• It has been predicted that LMMs will have wide use and application in healthcare, scientific research, public health and drug development. 

• LMMs are also known as “general-purpose foundation models”, although it is not yet proven whether LMMs can accomplish a wide range of tasks and purposes.

• LMMs usually have an interface and format that facilitate human-computer algorithm interactions that might mimic human communication and which can therefore lead users to imbue the algorithm with human-like qualities. 

• Thus, the way in which LMMs are used and the content they generate and provide as responses, which may appear to be “human-like”, are different from those of other forms of AI and have contributed to the unprecedented public adoption of LMMs. 

• Furthermore, because the responses they provide appear to be authoritative, many users uncritically accept them as correct, even if an LMM cannot guarantee a correct response and cannot integrate ethical norms or moral reasoning into the responses it generates.

• With rapid consumer adoption and uptake and in view of its potential to disrupt core social services and economic sectors, many large technology companies, startups and governments are investing in and competing to guide the development of generative AI.

• WHO recognises the tremendous benefits that AI could provide to health systems, including improving public health and achieving universal health coverage. 

• However, it entails significant risks that could both undermine public health and imperil individual dignity, privacy and human rights.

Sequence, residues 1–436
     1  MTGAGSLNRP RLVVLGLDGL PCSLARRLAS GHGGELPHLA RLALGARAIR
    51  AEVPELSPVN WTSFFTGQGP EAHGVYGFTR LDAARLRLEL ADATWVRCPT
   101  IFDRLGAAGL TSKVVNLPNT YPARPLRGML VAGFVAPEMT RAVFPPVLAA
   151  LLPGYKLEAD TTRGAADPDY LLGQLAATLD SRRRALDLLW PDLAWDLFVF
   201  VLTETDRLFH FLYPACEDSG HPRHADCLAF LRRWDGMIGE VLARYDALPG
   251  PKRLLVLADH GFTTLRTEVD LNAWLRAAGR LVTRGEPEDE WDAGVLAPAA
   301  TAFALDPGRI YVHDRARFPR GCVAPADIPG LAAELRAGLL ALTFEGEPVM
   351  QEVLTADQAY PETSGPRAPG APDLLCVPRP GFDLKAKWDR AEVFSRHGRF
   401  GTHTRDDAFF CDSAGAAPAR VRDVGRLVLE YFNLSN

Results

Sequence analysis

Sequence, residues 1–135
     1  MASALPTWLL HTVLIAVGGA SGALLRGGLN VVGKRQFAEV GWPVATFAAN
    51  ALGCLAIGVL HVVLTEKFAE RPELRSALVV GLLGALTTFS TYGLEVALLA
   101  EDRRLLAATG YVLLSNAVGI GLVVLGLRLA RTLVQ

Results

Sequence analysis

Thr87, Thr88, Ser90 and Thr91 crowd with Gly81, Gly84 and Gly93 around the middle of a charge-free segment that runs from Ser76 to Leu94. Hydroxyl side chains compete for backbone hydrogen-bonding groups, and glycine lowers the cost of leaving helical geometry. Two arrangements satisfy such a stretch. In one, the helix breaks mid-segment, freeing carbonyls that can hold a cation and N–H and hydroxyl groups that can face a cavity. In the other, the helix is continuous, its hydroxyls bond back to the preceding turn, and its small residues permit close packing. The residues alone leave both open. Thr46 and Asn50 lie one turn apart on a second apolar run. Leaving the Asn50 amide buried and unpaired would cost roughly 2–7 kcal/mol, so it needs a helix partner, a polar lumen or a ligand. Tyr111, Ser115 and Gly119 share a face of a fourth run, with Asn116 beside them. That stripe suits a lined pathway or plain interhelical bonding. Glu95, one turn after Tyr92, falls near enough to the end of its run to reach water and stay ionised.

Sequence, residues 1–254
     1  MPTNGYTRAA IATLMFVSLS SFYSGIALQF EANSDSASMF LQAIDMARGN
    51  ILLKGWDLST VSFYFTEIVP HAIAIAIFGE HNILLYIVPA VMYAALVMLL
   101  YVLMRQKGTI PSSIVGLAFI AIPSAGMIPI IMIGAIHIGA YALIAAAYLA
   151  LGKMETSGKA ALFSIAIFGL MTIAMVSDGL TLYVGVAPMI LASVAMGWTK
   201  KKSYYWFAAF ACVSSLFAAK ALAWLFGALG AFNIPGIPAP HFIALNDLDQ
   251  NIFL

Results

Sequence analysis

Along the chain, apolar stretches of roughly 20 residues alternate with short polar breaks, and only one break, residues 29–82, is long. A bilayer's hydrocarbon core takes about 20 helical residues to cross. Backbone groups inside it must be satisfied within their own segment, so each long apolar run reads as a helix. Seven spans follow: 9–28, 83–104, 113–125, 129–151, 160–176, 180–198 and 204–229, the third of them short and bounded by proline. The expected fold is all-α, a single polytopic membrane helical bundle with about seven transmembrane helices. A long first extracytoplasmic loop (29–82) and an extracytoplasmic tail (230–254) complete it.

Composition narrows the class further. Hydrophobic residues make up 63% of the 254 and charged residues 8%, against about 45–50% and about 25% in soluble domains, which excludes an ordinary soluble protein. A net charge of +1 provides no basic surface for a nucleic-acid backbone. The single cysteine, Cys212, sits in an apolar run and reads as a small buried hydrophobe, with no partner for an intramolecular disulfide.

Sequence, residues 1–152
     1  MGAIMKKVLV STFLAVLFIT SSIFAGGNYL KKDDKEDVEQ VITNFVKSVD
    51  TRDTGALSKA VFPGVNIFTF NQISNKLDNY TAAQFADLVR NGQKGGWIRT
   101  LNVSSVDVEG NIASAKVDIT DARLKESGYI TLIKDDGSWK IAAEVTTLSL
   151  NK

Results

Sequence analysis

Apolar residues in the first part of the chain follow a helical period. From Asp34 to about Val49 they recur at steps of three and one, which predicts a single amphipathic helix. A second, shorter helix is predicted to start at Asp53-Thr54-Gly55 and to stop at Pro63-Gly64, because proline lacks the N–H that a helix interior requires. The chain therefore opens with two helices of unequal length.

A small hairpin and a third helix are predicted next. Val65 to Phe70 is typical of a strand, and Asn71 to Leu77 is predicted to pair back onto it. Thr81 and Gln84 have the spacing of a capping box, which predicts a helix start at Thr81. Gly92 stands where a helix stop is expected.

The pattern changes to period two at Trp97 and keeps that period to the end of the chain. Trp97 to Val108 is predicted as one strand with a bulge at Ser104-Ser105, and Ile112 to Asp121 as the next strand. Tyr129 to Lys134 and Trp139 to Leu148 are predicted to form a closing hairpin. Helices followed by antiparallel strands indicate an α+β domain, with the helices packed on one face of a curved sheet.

• Even though LMMs are relatively new, the speed of their uptake and diffusion led WHO to provide this guidance to ensure that they could potentially be used successfully and sustainably worldwide.

1) Use of LMMs in diagnosis and clinical care

• LMMs could make it possible to extend use of AI-based systems throughout diagnosis and clinical care – both virtual and in-person consultations, with some experts expecting that LMMs “will be more important to doctors than the stethoscope in the past”. 

• Diagnosis is seen as a particularly promising area, because LMMs could be used to identify rare diagnoses or “unusual presentations” in complex cases. 

• Doctors are already using Internet search engines, online resources and differential diagnosis generators, and LMMs would be an additional instrument for diagnosis. 

• LMMs could also be used in routine diagnosis, to provide doctors with an additional opinion to ensure that obvious diagnoses are not ignored. 

• All this can be done quickly, partly because an LMM can scan a patient’s full medical record much more quickly than can doctors.

Risks of use of LMMs in diagnosis and clinical care:

i) Inaccurate, incomplete, biased or false responses. False responses, known colloquially as “hallucinations”, are indistinguishable from factually accurate responses generated by an LMM, because even LMMs with reinforcement learning from human feedback are not trained to produce facts but to produce information that looks like facts.

ii) Data quality and data bias: One reason that LMMs produce biased or inaccurate responses is poor data quality. Most medical and health data are also biased, whether by race, ethnicity, ancestry, sex, gender identity or age.

iii) Automation bias: Concern that LMMs generate false, inaccurate or biased responses is heightened by the fact that, as with other forms of AI, LMMs are likely to encourage automation bias in experts and healthcare professionals. In automation bias, a clinician may overlook errors that should have been spotted by a human.

iv) Skills degradation: There is a long-term risk that increased use of AI in medical practice will degrade or erode clinicians’ competence as medical professionals, as they increasingly transfer routine responsibilities and duties to computers. Loss of skills could result in physicians being unable to overrule or challenge an algorithm’s decision confidently or that, in the event of a network failure or security breach, a physician would be unable to complete certain medical tasks and procedures.